UNICEF has worked closely with the Government and other partners in defluoridation programmes in India, where excessive fluoride has been known for many years to exist in much of the nation’s groundwater. In the 1980s, UNICEF supported the Government’s Technology Mission in the effort to identify and address the fluoride problem: the Government subsequently launched a massive programme, still under way, to provide fluoride-safe water in all the areas affected.
The removal of fluoride from potable water is not adequate when initial concentration of fluoride in the water is very high and the pH of the untreated water is alkaline.
Defluoridation methods can be broadly divided into three categories according to the main removal mechanism:

Chemical additive methods

Chemicals include lime used alone or with magnesium or aluminum salts along with coagulant aids (Nalgonda technique).

Contact precipitation

Contact precipitation is a recently reported technique in which fluoride is removed from water through the addition of calcium and phosphate compounds.

Adsorption/ion exchange methods

In the adsorption method, raw water is passed through a bed containing defluoridating material. The material retains fluoride either by physical, chemical or ion exchange mechanisms. These materials like, Fly ash bone char, activated alumina and clays have been successfully used in the field.

Time of sample collection

Phase-I (Samples collection in August)
Phase-II (Samples collection in December)
Phase-III (Samples collection in March)

Details of samples

All drinking water samples collected from Sitapura Industrial Area, Jaipur (Rajasthan).These areas are [7]
Sample No. 1       Genus industries
Sample No. 2        Chevrolet industries
Sample No. 3       Ratan Textiles
Sample No. 4      Bharat patrol pump
Sample No. 5      Hotel Amrapali
Sample No. 6      JNIT College
Sample No. 7      Residential Area
Sample No. 8       Near Chokhi Dhani
Sample No. 9       Sachiwalaya Nagar
Sample No. 10      Laxhmipura
Materials and Methods
The fly ash is an effective adsorbent of fluoride .In this method we have used fly ash, generate from Chula. Due to increase in some physico-chemical parameters during the research, it was observed that pre treated fly ash could address these problems without hindering the fluoride removal efficiency of fly ash therefore fly ash was pretreated before defluoridation.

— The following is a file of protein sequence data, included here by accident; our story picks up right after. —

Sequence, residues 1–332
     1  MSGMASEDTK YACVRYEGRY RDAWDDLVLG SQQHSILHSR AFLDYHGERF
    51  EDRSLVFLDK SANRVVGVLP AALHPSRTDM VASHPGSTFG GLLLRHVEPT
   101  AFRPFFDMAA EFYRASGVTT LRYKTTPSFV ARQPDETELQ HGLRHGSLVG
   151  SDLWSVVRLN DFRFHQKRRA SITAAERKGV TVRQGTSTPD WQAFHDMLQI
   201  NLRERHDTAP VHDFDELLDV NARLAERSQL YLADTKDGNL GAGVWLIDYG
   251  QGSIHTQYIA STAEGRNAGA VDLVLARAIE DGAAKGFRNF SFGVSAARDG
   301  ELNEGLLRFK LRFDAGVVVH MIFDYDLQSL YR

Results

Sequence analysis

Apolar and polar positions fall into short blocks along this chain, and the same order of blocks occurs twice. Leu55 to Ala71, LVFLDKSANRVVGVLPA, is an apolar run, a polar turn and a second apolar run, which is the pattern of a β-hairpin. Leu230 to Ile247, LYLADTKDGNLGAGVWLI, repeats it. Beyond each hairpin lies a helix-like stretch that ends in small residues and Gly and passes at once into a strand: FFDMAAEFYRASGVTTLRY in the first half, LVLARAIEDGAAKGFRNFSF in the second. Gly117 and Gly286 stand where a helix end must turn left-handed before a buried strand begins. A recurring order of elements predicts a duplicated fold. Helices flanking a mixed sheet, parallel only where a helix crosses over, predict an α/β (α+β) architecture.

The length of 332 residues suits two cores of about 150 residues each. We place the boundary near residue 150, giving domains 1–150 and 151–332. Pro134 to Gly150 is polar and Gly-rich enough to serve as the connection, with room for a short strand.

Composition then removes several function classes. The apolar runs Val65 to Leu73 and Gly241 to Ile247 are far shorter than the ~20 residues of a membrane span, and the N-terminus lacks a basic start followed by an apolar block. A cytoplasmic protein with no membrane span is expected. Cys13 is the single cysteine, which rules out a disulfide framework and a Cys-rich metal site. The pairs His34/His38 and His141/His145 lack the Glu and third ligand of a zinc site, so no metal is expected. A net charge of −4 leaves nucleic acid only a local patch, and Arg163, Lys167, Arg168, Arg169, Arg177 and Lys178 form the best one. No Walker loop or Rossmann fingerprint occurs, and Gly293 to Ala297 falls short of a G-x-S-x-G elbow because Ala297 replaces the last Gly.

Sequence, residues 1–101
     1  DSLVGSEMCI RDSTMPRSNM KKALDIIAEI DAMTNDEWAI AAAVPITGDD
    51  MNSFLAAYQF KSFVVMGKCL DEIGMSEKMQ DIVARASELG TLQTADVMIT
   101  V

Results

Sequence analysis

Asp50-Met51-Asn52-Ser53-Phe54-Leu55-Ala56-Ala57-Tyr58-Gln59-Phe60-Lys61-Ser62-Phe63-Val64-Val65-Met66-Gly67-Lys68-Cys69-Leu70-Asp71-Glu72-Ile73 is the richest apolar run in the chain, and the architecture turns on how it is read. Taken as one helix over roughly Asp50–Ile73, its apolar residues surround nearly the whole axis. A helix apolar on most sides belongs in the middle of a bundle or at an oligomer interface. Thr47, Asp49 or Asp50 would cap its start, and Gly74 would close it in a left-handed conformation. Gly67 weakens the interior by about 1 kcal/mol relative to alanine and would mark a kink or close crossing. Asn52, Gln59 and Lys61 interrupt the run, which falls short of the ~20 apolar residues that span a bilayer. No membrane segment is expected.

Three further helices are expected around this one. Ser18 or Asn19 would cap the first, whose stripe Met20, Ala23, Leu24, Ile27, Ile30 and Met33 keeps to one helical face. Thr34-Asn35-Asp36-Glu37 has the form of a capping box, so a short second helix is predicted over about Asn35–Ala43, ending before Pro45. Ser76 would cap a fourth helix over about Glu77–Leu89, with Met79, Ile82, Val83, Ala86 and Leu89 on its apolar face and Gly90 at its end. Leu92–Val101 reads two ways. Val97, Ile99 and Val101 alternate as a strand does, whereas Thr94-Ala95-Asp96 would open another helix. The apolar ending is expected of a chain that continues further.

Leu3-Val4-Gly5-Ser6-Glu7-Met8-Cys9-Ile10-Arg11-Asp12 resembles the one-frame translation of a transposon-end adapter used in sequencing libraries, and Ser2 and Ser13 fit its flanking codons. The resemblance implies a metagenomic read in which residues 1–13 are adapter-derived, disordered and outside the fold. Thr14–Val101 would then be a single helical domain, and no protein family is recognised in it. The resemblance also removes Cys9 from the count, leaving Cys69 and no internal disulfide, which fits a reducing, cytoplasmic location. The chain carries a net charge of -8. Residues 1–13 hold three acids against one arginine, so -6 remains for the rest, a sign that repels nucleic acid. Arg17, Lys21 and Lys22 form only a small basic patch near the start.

For the pre treatment of fly ash, it is washed by distilled water. For this 100 gm fly ash washed with 1 liter distilled water, washing it twice [8-10]. For this process we were used an ordinary filter paper, funnel and beaker. Dried, Crushed and powered fly ash before use for fluoride removal.
After the pre treatment this 100 gm ash was mixed with 1 liter fluoridated water and stirs 5 to 10 minutes then left for settling time of 2 hr. After 2 hour this solution was filtered with G-3 crucible in a filtration unit [11].
Results and Discussion
From the observation (Table 1 and Figure 1) we found that the fly ash is good adsorbent for the removal of fluoride from drinking water. Results shows that fly ash can change the fluoride concentration satisfactory according to the permissible limit of WHO (1.15 mg/l.)
The raw material are easily available, free of cost and none any other expenditure with this method. For Rural areas, this method can easily use because cooking is done by Chulhas in villages and the fly ash is a waste after burning of fuel [12]. By this method we can also show one of the reuse of fly ash. This technology is very much cheapest from the other defluoridation methods. But due to some side effects of fly ash on water parameters we applying the pre treatment of fly ash before it use for fluoride removal [13].